Aureole etc.

Golden Age singers

Nimbus on-line

Faure songs
Charlotte de Rothschild (soprano);

  Founder: Len Mullenger
Classical Editor: Rob Barnett


Crotchet   AmazonUK   AmazonUS

Nicolò PAGANINI (1782-1840)
24 Caprices, Opus 1
Ara Malikian (violin)
Rec August 2002, Tonstudio Vagnsson, Hannover
WARNER APEX 2564 60220-2 [46.31+53.58]

Paganini was a hugely significant and interesting musician, veritably a legend in his own lifetime. The legend was that his playing was so remarkable in its virtuosity that he was in league with the devil. And none of his music did more to foster this reputation than these extraordinary studies.

Captured in vivid sound amid a pleasing acoustic, Ara Malikiran presents the studies with the full observance of the repeats Paganini marked in the autograph score. This has obvious advantages, chief among them the simple fact that Paganini intended the music to be performed this way and his intentions ought to be honoured. On CD this means two discs rather than one, but at bargain price in a slimline box this is not a problem.

The studies vary in approach, of course, since the intention of covering every aspect of instrumental technique was of paramount importance to Paganini. Therefore creating the right sound takes on a special significance, and in this regard Ara Malikian triumphs. The recent and high quality recorded sound plays its part too. Perhaps some of the faster tempi could have been faster still – as in parts of the famous recording by Itzhak Perlman (EMI) – but allowing for a little more clarity of articulation affords its own compensations and rewards.

It is in the nature of a recording of a solo violin that the instrument can acquire a larger than life quality, and certainly some of the slower numbers – Caprice No. 6 at tempo Lento, for example – can have this effect. Since Malikian’s sound is so pleasing this is not the problem it might be, and in any case adjusting the amplifier’s volume control provides an easy solution.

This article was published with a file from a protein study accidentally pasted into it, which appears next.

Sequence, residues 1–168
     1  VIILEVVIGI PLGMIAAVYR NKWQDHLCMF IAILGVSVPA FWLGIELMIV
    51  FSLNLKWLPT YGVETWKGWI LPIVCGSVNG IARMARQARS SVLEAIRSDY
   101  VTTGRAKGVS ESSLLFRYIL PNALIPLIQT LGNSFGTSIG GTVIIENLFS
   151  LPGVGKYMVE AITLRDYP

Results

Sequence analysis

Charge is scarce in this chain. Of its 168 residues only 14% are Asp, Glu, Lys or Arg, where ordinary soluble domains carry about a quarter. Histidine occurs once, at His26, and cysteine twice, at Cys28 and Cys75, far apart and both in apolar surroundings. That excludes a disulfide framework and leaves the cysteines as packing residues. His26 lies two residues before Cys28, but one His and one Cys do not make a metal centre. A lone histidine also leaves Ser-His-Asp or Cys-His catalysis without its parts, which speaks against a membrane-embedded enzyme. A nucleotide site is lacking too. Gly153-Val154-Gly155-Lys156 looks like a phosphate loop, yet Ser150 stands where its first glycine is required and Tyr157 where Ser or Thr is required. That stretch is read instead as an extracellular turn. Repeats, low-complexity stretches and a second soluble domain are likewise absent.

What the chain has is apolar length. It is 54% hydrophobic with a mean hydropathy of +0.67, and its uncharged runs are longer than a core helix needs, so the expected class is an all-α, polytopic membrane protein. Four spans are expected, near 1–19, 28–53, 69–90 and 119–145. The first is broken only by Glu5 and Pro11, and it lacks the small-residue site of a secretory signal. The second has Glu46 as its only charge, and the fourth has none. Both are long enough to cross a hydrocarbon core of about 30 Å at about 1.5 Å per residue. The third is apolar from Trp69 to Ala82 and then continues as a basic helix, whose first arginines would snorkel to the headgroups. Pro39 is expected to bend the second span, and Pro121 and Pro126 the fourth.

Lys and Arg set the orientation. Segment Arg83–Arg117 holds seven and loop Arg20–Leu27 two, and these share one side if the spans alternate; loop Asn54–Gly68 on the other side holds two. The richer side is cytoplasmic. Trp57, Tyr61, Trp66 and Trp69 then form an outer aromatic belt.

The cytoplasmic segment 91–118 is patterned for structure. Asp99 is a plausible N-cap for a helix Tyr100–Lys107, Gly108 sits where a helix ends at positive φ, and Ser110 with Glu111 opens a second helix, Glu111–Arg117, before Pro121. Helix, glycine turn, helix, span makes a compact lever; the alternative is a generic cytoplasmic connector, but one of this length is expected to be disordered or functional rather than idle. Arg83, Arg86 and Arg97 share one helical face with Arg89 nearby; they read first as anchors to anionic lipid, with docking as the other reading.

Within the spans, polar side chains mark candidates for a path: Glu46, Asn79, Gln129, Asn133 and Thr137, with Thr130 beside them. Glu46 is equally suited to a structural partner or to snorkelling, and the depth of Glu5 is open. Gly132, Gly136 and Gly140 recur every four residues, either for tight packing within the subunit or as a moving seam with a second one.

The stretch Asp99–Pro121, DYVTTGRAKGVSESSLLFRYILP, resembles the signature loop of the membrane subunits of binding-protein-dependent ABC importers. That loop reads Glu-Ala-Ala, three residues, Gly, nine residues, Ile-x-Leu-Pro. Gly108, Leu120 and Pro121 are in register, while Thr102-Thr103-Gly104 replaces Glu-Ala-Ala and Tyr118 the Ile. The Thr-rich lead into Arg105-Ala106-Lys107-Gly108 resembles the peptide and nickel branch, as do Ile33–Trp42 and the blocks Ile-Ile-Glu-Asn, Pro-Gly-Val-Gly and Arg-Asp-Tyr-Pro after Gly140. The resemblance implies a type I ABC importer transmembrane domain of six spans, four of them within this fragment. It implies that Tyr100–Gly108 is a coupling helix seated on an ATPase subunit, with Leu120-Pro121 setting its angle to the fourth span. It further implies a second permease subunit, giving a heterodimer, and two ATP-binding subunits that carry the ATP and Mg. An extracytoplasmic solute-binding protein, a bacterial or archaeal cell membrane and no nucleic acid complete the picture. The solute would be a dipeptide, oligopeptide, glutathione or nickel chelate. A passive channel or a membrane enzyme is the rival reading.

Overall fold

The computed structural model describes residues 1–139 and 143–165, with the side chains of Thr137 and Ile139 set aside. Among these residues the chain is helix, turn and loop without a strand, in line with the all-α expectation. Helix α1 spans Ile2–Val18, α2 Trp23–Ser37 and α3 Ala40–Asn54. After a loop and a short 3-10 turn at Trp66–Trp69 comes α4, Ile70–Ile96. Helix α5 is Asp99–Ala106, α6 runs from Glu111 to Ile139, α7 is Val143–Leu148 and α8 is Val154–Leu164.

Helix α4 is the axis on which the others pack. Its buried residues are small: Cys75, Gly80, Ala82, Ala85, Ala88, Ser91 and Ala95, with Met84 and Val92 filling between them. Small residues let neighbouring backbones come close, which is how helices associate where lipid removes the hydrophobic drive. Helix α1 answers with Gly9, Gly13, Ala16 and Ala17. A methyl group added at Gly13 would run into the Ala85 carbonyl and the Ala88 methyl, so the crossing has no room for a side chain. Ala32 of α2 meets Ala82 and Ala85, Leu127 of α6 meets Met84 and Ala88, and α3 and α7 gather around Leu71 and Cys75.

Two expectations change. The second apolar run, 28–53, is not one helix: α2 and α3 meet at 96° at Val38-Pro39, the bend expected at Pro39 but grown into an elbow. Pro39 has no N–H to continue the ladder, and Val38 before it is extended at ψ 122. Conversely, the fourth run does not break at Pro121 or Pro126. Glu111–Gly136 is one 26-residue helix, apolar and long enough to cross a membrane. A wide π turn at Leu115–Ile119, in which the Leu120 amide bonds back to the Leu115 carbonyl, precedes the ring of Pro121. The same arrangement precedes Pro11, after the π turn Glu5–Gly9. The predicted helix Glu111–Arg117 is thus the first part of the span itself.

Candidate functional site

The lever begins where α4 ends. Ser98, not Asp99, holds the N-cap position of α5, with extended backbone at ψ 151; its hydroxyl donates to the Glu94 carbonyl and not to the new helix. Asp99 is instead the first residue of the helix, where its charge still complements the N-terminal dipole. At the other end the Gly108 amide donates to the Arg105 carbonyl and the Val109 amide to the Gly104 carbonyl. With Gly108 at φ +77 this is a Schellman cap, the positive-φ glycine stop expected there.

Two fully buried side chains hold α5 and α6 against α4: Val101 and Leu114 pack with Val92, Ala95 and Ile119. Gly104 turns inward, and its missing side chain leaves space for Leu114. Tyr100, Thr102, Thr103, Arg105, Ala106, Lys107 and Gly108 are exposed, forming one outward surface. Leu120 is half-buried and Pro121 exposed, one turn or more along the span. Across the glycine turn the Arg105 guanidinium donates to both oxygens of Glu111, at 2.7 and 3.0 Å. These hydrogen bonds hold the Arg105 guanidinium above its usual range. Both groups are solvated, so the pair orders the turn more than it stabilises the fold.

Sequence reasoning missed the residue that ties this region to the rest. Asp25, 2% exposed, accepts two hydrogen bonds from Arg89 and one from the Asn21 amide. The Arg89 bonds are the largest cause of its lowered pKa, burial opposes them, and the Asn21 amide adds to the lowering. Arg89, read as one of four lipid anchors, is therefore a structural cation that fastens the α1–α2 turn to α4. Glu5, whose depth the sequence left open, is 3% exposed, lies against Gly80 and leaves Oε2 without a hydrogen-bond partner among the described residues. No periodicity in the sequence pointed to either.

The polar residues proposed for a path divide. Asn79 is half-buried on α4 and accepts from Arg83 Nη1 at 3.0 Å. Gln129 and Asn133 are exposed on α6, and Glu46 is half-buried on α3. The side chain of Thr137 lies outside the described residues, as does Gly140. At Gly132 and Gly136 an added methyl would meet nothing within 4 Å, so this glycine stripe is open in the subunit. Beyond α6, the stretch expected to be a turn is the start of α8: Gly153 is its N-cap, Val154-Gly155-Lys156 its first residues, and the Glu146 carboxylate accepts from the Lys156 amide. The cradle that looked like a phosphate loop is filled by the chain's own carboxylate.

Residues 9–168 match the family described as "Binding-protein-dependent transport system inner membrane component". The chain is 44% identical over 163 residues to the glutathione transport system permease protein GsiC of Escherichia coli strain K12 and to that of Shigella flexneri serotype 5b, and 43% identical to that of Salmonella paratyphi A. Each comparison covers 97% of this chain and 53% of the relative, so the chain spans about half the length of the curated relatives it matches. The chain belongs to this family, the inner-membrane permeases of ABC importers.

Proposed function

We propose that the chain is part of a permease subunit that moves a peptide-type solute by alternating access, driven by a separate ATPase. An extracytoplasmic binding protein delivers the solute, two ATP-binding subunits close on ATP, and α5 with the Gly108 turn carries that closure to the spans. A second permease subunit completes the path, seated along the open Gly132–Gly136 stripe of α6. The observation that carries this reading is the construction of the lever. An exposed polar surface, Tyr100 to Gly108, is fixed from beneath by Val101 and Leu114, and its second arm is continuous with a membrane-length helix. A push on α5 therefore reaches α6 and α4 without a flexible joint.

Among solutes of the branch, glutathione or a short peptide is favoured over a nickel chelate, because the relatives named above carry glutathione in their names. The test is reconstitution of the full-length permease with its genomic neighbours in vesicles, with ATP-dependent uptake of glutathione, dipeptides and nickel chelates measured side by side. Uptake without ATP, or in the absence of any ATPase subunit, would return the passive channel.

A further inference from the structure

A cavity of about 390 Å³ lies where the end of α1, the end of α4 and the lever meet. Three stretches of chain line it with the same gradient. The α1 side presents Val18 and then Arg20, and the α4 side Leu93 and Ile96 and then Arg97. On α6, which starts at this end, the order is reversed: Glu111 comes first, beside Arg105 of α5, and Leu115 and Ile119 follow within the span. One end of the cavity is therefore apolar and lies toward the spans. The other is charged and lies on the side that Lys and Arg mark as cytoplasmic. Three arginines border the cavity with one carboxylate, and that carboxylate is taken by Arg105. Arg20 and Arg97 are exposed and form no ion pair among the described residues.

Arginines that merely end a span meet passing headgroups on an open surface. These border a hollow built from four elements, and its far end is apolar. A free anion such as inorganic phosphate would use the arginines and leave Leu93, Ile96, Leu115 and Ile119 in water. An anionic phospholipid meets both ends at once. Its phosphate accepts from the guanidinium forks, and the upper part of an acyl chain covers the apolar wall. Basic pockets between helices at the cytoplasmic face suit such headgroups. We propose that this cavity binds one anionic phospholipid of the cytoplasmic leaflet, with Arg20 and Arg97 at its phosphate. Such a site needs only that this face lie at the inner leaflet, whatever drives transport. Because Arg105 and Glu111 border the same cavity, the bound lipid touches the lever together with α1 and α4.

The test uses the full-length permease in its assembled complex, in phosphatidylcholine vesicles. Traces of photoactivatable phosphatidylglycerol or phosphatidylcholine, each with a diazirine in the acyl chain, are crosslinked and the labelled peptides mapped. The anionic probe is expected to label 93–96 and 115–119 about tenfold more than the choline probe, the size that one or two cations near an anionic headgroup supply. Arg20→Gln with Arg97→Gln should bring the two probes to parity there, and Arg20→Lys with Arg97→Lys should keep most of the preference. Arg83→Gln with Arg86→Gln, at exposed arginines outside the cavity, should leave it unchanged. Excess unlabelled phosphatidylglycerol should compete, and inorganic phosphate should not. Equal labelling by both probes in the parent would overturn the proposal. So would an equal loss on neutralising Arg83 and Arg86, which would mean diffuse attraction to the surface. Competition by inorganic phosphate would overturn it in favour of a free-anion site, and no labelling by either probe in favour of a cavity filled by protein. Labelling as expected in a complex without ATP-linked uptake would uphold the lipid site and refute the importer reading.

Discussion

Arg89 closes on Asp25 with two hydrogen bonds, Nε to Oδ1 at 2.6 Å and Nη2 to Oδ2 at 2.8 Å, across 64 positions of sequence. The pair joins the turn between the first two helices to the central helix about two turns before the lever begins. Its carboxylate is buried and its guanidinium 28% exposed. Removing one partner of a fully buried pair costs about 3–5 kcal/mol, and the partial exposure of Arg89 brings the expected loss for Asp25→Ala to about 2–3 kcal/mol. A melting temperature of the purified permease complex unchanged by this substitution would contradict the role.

As so often with budget releases, the accompanying documentation leaves much to be desired. There is a short and interesting essay, but inexplicably in the context of music such as this, no artist biography whatsoever. Since Ara Malikian is not an internationally celebrated artist, this omission seems all the more unfortunate.

All twenty-four Caprices in a single sequence is a daunting prospect for the listener as well as for the violinist. They are best heard, I think, either singly or in small groups. The final Caprice, based on that tune, remains the most satisfying of them all.

Terry Barfoot


Return to Index

Untitled Document

Reviews from previous months
Join the mailing list and receive a hyperlinked weekly update on the discs reviewed. details
We welcome feedback on our reviews. Please use the Bulletin Board
Please paste in the first line of your comments the URL of the review to which you refer.